A Good Servant But A Bad Master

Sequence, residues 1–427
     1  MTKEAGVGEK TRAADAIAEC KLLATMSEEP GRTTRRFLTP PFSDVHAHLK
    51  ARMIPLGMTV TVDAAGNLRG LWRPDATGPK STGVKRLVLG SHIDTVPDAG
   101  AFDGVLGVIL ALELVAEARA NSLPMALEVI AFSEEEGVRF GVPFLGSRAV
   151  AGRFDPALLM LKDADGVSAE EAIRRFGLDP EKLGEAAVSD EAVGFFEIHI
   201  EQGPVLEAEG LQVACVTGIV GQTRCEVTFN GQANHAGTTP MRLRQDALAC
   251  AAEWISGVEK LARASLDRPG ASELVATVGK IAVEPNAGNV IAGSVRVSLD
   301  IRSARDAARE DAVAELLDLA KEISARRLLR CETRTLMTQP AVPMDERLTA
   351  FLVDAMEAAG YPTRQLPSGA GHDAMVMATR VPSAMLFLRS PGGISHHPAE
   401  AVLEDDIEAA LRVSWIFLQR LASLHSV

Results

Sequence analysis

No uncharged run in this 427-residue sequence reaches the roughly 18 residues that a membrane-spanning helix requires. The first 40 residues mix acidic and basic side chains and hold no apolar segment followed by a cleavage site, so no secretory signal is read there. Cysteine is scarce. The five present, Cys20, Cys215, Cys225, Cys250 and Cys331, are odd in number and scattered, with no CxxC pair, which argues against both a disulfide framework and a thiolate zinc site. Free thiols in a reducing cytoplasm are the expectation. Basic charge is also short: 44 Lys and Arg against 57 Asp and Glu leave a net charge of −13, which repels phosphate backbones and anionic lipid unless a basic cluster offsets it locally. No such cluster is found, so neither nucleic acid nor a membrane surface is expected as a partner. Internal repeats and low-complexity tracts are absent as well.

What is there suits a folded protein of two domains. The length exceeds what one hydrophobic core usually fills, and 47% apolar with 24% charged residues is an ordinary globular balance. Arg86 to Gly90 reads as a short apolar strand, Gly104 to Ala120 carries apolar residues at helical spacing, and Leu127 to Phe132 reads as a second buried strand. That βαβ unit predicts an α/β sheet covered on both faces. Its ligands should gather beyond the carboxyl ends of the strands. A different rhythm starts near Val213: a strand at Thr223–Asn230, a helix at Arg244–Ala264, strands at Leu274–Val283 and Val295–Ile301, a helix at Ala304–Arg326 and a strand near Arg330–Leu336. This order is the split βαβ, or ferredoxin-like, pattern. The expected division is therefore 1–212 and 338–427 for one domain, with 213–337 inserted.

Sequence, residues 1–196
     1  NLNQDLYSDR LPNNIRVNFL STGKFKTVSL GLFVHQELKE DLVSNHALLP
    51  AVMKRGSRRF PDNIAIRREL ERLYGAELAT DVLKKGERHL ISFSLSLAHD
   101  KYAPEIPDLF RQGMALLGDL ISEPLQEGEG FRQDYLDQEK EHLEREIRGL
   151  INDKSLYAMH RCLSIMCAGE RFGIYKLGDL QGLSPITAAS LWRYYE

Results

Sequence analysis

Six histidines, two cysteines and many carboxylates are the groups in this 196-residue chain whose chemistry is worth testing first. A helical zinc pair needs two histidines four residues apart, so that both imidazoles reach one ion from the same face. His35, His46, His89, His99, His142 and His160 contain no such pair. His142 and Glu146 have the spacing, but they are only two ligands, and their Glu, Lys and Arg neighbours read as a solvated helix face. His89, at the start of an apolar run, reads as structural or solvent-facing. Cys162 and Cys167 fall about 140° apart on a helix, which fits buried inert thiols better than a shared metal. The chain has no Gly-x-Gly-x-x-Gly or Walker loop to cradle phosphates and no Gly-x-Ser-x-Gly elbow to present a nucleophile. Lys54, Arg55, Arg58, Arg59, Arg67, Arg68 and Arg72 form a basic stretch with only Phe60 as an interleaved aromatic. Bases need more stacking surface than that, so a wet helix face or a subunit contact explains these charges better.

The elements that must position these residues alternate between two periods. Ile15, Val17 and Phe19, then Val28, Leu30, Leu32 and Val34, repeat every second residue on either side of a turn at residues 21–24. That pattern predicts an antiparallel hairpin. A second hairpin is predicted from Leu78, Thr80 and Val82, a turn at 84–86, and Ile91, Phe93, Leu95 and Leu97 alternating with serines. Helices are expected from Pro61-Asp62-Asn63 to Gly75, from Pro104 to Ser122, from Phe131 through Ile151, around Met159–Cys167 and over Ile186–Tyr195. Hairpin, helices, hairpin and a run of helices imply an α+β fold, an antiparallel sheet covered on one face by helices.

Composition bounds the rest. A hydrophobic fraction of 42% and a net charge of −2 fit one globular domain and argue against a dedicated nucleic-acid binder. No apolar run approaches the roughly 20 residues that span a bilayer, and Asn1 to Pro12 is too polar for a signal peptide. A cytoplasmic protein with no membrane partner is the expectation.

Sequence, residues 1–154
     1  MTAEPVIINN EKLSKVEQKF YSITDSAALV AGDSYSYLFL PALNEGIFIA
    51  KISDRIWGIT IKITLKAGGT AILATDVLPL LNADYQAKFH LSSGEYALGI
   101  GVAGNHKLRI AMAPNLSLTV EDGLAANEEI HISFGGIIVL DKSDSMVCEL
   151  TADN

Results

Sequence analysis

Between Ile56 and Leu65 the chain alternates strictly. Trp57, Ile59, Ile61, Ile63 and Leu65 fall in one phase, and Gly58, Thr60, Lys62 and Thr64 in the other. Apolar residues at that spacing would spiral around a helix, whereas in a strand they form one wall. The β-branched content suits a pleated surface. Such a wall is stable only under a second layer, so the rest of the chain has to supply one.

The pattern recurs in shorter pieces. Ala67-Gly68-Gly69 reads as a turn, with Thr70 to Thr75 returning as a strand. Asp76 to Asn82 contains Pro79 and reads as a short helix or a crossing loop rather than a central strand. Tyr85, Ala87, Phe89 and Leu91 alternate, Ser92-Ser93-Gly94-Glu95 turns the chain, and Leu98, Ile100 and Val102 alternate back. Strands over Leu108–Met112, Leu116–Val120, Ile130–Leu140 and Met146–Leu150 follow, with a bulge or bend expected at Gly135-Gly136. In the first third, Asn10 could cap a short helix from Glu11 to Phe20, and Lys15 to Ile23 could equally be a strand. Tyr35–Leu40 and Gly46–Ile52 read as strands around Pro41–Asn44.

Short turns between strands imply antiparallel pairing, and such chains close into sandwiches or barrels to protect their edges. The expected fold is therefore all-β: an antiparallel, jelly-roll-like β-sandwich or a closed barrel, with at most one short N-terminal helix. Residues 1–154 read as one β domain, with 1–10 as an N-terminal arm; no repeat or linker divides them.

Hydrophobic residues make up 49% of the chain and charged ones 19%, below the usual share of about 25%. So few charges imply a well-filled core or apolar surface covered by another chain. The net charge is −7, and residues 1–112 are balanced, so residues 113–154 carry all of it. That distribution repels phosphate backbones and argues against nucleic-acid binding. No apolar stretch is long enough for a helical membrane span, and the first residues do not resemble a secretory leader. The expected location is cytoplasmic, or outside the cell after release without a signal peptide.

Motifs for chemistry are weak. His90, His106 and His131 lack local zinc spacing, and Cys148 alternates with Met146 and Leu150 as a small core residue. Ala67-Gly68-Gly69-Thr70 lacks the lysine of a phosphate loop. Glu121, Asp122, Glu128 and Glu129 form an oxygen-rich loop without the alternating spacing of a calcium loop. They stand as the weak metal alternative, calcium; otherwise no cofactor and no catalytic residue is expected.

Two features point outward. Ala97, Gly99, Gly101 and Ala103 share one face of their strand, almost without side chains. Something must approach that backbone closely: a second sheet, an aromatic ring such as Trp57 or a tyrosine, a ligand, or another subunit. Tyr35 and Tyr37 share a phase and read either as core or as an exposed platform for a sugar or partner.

When children emerge from school looking for that signature moment of eye contact with a parent, the parent is usually looking down at their phone. We stare down at our devices so often that physicians have added a condition called “Text Neck” to their diagnoses. We would rather text than talk. We’re sleeping with our digital devices and growing anxious without them. The seductive technology that feeds this culture of distraction highlights a paradoxical vulnerability: we are lonely, but fearful of intimacy. Online connectivity offers the illusion of companionship without the demands of friendship. We can’t get enough of each other as long as we can have each other at a distance, in amounts that we can control, with the ability to hide from those we’re connected to. By indulging a habit of constant connection we risk losing our capacity for the kind of solitude that energizes and restores. And if we don’t teach our children to be alone, they will only know how to be lonely.


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